Skoda Kodiaq 2018 Features

Skoda Kodiaq 2018 Features

Skoda Kodiaq 2018 Of all the manufacturers who have turned around their image, fortunes and reputation in the last twenty years, Skoda Kodiaq 2018 has perhaps been the most successful. Ever since Volkswagen took over, it’s gone from strength to strength, Becoming one of the most successful brands of reliable, well-made family cars on the continent.

With crossovers being the car of choice for the public en mass today, it was only natural that Skoda would start producing its own SUV – aside from the toe in the water Yeti, the Skoda Kodiaq 2018 is their first proper try and this type of car. So, have they successfully made a rival to the likes of the Nissan X-Trail?

Skoda Kodiaq 2018 review
Skoda Kodiaq 2018 review

Let’s find out! Exterior The current Skoda design language is very svelte and sophisticated, in-line with the rest of the Volkswagen Audi Group. The Kodiaq wears this well, and visually, shares more with the premium end of its segment rather than the value brands. Based on the MQB platform that has become a staple of the VAG brands, the car is obviously very closely linked to the likes of the Audi Q5 and the Seat Ateca, in terms of dimensions and overall shape.

Despite being very roomy, it is surprisingly compact, being just 40mm longer than the Octavia. Engines The entry-level engine is a 123bhp, turbocharged 1.4-litre, powered by petrol. A pair of turbocharged engines make up the petrol engine range, with two diesels also available. A 2.0-litre TDI engine with 187bhp is the most powerful motor in the range. Our car has the turbo 1.4-litre, but with 148bhp coming from its four cylinders. This motor is our pick of the range, and pulls the car along nicely – despite being a big, seven seat crossover, it is very light, and therefore, feels a smidgen more sprightly than some of its competition. With a claimed combined 46.3MPG, the car is fairly economical, and sits in the same ballpark as Nissan’s X-Trail in that regard – the 1.6-litre, 163bhp petrol engine in that range achieves 45.6MPG.

Interior In this ‘SportLine’ Kodiaq, the list of standard equipment is incredibly impressive. The headliner is the 9.2” touchscreen, which plays home to a Columbus sat nav, DAB Radio, USB connectors and two SD cars readers. The infotainment system is great to use as a whole. The sat nav is clear, crisp and exceedingly well-detailed. There is also plentiful storage, such as here, under the front armrest, and some nice touches such as this umbrella, hiding in the front doors. If you want to know more on the interior of the car, our full written review on the Skoda Kodiaq 2018 is available by clicking the link above Costs The car we have here would set you back £34,495, including £1200 of options including a rather nice uprated sound system.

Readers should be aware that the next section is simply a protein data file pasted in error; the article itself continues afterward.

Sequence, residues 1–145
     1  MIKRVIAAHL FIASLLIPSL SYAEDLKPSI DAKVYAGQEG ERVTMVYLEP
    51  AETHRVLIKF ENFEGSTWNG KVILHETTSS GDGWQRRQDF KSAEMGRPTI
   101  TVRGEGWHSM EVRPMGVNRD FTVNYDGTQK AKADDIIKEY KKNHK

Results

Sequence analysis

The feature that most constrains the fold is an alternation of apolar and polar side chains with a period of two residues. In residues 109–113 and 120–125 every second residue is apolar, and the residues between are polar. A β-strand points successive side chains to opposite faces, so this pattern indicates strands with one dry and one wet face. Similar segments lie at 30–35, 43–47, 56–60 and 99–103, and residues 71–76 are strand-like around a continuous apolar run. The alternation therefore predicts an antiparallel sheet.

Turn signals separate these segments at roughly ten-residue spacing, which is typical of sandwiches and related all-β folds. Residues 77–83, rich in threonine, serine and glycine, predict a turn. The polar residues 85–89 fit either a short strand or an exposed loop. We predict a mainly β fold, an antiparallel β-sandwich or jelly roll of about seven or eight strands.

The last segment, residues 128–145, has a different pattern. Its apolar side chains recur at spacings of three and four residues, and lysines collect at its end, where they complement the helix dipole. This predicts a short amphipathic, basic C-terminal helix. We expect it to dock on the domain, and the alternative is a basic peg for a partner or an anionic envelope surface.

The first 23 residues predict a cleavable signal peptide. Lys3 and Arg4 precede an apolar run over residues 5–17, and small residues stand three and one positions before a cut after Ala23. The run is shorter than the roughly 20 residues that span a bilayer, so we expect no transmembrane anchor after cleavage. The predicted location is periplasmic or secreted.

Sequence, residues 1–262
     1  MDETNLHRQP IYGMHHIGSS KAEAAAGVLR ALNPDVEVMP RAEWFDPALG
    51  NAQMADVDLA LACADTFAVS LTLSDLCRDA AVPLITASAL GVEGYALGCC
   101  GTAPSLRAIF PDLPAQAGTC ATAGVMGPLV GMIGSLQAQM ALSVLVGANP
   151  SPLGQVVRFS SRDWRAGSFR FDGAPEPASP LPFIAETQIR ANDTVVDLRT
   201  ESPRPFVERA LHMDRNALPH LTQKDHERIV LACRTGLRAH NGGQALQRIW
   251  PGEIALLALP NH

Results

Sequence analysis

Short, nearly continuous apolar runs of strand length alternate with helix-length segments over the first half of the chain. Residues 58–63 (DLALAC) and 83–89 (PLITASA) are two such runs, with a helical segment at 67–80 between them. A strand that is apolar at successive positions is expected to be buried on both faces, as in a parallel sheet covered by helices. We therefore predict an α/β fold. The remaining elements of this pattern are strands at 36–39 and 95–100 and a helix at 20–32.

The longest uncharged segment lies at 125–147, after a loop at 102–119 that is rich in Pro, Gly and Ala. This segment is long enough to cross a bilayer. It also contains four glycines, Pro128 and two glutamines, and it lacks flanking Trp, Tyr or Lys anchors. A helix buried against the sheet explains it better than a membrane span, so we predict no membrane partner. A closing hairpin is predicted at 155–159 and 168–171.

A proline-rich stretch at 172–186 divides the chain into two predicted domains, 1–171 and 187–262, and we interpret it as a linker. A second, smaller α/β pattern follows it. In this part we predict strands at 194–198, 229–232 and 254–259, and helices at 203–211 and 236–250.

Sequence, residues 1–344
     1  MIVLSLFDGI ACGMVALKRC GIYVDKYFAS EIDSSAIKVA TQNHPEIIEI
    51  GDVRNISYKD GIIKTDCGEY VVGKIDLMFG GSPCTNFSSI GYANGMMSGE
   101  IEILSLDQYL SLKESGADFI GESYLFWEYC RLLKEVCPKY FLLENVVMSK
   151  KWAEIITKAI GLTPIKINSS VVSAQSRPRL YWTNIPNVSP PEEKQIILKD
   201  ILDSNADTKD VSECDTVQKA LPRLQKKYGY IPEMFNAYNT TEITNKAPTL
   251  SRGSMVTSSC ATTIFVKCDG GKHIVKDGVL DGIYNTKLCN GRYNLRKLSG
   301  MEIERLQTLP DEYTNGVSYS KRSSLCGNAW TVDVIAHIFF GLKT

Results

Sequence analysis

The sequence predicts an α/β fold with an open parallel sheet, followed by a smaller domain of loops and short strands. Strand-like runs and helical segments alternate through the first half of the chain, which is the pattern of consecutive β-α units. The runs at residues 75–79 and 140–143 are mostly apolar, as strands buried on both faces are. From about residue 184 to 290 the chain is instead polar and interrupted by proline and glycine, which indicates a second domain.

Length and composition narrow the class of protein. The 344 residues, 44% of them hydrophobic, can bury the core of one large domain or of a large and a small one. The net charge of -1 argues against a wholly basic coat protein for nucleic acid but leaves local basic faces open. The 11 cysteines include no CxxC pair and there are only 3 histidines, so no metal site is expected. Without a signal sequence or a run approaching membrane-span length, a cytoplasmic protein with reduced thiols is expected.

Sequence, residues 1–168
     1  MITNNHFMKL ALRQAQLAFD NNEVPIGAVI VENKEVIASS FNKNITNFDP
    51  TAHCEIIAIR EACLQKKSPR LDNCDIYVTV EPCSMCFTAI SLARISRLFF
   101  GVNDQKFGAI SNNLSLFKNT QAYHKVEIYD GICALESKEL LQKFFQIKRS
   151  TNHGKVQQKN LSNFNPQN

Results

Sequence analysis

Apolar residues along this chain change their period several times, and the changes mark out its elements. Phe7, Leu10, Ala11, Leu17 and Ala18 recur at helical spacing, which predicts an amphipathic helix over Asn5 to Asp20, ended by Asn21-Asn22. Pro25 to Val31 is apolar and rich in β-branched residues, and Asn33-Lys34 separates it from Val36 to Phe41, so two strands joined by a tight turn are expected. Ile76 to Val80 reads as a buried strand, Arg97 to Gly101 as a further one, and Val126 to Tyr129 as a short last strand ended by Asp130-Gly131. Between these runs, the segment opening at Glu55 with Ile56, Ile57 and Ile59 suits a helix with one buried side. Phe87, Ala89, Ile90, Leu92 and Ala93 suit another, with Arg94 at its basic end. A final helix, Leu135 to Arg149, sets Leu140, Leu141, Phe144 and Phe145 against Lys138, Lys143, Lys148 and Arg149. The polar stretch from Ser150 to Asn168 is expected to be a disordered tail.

However, the bottom end of the range can be purchased for £20,720. The ‘S’ spec with the 123bhp version of the 1.4 and front-wheel drive, is a good option for those who need at the expense of speed. A well-equipped car with the engine we have here can be comfortably purchased for less than £28,000, which by all accounts, is good value in this sector. Click the link above for more pricing options on the Skoda Kodiaq Practicality With a massive 2065 litres of space with the rear seats folded down, there’s no questioning the practicality of the Kodiaq.

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The seven seat layout is great if you have children to ferry around, and in five seat mode, the headroom and general space of the second row of seats is very impressive, and provides the Kodiaq with an advantage over its rivals. The roomy feel throughout the car also makes it a very comfortable long-distance driver. Practicality is a key factor within car buying, find out more on passenger leg room, boot space and more in the full written review here.

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Driving Critically, the Skoda Kodiaq 2018 ticks an important box for a family SUV – it is very comfortable. It has a slightly different feel from, say, a Superb, with a slightly sportier edge than such cars behind the wheel. Overall, from a comfort perspective, it is on par with most of its rivals, and does not roll or jar in corners. The steering is quite light, which can lead to a slight lack of confidence on twisty roads, but is great for the city. Unless you opt for the economy-focused 123bhp engine, performance is plentiful for any heavy acceleration and motorway cruising.

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Verdict The Stellar reputation Skoda carries these days is certainly warranted, and undoubtedly, the Czech manufacturer’s increased focus on SUV’s and crossovers will have some competitors sweating. The Skoda Kodiaq 2018 is a very impressive first attempt, and a worthy alternative to cars such as the X-Trail.

Louise Martin

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